The Internet has brought us all a treasure trove of content. From a good Netflix binge to the free courses offered by Stanford University, there's a lot online to consume, more than one could in a lifetime. Much of it is indeed cat videos and pointless arguments, but the small business owner can find reliable gold mines if they know where to look...
With the rise of social media platforms like Pinterest and Instagram, it's increasingly important to extend your brand visually. A picture is worth a thousand words, after all, so this week we're sharing our top three tips that you can easily implement today to build your shop's visual mood online.
1. Use your brand's color scheme as a guide. This isn't to say, "My logo is red, so I'm only going to pin red things and take pictures of red things for Instagram." However, it can be very impactful to create a cohesive color palette on your boards and Instagram feed. San Diego home and gift boutique Pigment, for example, does an incredible job of pinning according to their palette. You'll see beautiful soft greens and neutrals and pastels, but you won't find many bright, in-your-face colors on any of their boards. They stick to their scheme.
2. Consider how your brand's message fits into each picture. What general feeling do you want to convey? If your aesthetic is rustic, mysterious, cheerful or playful, choose and curate images according.
3. Know what not to post. It's tempting to Instagram cool pictures whenever you take cool pictures or share funny cat photos when you come across them, but it's incredibly important to know when to bite your social media tongue, so to speak. If it doesn't fit your shop's mood, save it for your personal page!
Want to get started? We suggest creating a mood board like the ones pictured above — this'll give you a visual guide to reference for you or your employees.
You have a Facebook strategy and a Twitter strategy, but what about Pinterest? Pinterest's popularity has absolutely blown up since it was launched. And for retailers, it can be much more valuable than its social media counterparts. "Data shows that Pinterest users shop more when they follow links to retailers' web sites. When pinners buy, the average order value is $199.16, compared with $92.27 for Facebook and $58.02 for Twitter, according to data analytics company RichRelevance." In fact, 70% of Pinterest users actually cite "finding inspiration on what to buy" as one of the reasons they use the site in the first place.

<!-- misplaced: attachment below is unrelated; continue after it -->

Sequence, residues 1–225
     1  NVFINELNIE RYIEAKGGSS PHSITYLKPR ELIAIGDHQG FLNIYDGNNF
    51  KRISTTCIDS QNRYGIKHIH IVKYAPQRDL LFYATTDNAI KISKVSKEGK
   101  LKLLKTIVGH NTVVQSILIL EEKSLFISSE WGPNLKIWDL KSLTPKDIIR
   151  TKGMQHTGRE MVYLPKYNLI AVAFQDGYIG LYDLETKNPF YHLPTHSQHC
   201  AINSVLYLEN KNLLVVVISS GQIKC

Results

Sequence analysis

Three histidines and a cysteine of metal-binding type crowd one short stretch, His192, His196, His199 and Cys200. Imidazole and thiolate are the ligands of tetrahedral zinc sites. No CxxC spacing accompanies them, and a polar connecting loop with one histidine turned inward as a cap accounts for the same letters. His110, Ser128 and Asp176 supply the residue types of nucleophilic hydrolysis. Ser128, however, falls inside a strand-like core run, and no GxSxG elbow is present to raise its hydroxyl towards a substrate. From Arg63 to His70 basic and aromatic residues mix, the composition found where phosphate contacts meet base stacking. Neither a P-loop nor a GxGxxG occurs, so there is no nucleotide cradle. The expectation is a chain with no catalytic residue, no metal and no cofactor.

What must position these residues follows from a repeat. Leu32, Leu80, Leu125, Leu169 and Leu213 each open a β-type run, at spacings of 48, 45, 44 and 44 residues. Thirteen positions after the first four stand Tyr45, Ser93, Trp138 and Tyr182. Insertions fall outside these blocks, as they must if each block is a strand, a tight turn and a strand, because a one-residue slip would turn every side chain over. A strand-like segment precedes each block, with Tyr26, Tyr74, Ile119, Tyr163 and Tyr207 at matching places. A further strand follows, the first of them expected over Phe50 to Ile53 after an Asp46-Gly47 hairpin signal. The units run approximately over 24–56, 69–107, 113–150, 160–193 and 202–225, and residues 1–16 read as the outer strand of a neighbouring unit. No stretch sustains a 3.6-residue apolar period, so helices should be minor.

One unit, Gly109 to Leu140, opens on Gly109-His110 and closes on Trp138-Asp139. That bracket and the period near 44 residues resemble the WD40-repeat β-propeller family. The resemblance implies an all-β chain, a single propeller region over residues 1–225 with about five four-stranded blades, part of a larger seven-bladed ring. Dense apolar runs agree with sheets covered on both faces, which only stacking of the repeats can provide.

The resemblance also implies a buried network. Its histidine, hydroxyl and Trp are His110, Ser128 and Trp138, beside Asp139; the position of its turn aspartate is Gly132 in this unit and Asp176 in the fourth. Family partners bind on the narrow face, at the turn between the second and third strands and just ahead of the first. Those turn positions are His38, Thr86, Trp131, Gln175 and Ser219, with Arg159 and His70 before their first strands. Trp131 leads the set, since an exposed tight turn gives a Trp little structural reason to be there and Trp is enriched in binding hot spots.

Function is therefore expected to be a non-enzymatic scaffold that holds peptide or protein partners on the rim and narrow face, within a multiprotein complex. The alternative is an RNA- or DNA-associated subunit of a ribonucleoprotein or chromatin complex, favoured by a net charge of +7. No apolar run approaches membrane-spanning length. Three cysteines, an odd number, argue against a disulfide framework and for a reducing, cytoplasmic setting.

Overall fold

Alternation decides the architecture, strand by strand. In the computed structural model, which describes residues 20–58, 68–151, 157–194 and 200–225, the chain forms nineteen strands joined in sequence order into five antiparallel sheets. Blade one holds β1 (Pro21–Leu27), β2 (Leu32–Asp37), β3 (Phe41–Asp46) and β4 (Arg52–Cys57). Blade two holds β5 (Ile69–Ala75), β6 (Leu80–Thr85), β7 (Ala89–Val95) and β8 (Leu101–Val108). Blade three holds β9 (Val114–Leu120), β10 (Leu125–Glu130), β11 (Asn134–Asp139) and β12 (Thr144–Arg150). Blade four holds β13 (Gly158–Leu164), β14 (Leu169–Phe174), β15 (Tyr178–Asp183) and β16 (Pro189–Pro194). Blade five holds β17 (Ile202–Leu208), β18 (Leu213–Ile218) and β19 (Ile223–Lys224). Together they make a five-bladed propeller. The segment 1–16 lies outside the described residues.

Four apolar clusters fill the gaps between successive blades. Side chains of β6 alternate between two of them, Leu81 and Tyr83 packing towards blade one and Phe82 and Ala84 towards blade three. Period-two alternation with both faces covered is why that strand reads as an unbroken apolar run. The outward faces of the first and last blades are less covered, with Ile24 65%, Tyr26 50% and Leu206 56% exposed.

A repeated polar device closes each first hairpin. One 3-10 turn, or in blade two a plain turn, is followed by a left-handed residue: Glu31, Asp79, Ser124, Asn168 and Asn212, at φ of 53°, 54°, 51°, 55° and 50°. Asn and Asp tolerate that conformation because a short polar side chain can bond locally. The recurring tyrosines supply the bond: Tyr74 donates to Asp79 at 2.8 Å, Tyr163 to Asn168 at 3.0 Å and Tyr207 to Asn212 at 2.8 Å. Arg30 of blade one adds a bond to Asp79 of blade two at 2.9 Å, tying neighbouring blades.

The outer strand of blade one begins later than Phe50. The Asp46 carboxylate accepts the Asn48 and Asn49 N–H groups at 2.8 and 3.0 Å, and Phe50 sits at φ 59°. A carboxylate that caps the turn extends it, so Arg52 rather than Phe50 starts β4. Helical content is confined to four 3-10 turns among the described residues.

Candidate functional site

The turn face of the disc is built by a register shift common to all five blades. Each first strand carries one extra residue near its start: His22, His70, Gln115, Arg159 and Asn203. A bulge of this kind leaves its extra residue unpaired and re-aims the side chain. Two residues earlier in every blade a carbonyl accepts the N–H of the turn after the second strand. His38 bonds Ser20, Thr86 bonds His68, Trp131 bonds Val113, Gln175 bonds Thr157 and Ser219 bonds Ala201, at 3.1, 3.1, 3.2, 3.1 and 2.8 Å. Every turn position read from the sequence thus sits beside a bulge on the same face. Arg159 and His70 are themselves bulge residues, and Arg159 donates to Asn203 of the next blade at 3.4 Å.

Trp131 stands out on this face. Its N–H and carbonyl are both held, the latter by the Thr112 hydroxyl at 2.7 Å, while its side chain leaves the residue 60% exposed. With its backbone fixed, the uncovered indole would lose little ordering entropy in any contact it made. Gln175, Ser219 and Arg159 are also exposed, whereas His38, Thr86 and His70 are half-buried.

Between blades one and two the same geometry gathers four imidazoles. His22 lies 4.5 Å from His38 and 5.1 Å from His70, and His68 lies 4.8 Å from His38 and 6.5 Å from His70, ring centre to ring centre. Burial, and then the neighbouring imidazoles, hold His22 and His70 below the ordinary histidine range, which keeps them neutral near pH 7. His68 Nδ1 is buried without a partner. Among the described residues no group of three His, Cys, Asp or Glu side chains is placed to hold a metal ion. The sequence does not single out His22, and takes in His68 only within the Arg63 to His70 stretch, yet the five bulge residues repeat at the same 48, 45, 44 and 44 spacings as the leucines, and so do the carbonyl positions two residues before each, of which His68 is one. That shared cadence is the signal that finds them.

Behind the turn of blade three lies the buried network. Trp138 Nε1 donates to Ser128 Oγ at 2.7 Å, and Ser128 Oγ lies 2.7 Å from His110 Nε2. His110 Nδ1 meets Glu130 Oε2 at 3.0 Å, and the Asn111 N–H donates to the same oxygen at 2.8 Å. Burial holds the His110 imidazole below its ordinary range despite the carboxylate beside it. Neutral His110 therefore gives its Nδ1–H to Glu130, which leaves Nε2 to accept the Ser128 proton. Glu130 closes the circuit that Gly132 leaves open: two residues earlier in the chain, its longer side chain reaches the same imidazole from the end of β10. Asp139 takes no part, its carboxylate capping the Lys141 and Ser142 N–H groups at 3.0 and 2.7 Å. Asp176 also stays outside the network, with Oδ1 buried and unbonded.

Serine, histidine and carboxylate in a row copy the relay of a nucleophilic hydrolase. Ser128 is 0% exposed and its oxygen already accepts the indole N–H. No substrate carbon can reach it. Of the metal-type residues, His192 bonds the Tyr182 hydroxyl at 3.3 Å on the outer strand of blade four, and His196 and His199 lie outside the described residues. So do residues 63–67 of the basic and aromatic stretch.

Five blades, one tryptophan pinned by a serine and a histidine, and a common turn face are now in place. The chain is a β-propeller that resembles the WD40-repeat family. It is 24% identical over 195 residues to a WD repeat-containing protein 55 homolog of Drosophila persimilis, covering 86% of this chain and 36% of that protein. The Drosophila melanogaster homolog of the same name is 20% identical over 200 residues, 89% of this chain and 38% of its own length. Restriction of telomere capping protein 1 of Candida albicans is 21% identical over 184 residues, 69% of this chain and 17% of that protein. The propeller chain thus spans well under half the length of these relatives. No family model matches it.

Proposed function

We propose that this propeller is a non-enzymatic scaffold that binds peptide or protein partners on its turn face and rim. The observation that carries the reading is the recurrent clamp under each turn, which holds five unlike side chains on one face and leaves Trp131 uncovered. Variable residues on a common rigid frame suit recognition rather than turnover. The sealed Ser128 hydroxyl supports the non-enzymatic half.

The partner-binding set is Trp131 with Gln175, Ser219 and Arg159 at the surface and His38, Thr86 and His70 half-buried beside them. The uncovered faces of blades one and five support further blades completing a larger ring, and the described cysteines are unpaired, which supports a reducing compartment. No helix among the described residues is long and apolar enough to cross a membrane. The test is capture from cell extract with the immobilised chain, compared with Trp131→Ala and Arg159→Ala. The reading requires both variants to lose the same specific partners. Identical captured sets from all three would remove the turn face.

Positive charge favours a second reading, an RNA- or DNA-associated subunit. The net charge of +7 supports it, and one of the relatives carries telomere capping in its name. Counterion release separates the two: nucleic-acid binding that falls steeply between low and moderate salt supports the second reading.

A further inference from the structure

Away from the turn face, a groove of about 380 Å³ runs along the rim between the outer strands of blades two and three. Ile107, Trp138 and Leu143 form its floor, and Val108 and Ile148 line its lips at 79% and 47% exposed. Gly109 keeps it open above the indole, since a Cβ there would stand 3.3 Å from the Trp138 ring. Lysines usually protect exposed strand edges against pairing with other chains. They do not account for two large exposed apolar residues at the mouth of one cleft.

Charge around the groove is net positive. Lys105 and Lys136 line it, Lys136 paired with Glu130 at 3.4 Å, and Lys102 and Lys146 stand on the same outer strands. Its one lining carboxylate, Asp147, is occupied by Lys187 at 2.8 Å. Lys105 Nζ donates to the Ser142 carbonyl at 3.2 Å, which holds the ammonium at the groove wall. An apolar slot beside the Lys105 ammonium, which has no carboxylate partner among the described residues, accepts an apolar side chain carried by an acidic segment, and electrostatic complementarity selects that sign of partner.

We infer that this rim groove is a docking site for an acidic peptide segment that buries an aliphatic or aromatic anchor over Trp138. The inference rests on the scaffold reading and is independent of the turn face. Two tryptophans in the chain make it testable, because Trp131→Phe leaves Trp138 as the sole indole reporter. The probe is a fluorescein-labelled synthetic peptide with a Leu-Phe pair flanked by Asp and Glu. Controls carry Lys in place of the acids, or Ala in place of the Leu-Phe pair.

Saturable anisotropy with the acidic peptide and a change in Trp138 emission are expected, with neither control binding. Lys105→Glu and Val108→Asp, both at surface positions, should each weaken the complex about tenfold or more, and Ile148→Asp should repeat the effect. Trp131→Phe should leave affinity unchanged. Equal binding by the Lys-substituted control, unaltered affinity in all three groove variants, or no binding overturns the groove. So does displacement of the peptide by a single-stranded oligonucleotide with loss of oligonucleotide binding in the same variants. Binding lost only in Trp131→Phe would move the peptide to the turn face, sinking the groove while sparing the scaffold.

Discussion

The unique thing about Pinterest in comparison to other social media platforms is that it's really all about the products. In retail, your inventory is everything—so a social media that reflects that is pretty fantastic for your community.
To help you get started or explore further with Pinterest, here are a few simple tips and tricks of the trade!
1. Make sure your business is "Pinterest-worthy." That is, don't focus your energy on Pinterest marketing unless Pinterest is a good fit for your business. The most popular categories for users are food, DIY, health, fashion, humor and tech. If you're selling artisan jewelry or reclaimed wood cutting boards, Pinterest will eat that up like ice cream. If you are selling refurbished computer parts, you might not have a huge impact on Pinterest.
2. Sign up for a Pinterest for Business account. This works just like a regular account, but allows you to track analytics on your pins and gives you access to a lot of helpful resources for business owners. Already have a personal account set up that you use for your business? You can easily switch it over too, without losing your followers or pins.
3. Make sure your content is "Pinterest-worthy." People use Pinterest to connect with the latest trends and follow brands, friends and influencers they love. Not surprisingly, a successful pin must be visually appealing to gain attention—regardless of the content behind the picture. Anything you pin that leads a user back to your brand should be visually appealing and have the content to back it up. Your pins should be high-quality, professional images—whether they are your own product shots, event posters or simply the pins you are curating.
4. Don't just create, curate. On Pinterest, creating great content is important to drive people back to your page, but curating shouldn't be forgotten either. Curating non-promotional pins can go a long way to developing your brand on Pinterest and showing off your personality. Also, it's fun. :)
5. Check the time. The best times to pin are in the evenings. 9 p.m. is the peak pinning hour.
6. Take care with your descriptions for search optimization. Are you pinning a picture of your new organic ginger candy in it's pretty new wrapper? The description should not just say, "yum," despite how yummy it may be. Make your descriptions searchable, so that the next time someone is searching for "candy," they'll come across your gorgeous pin. This also goes for your curated boards—give your pins personality and take the time to change the original description.
Want to learn more? Check out some more stats about Pinterest this infographic below and explore Pinterest's resources for businesses.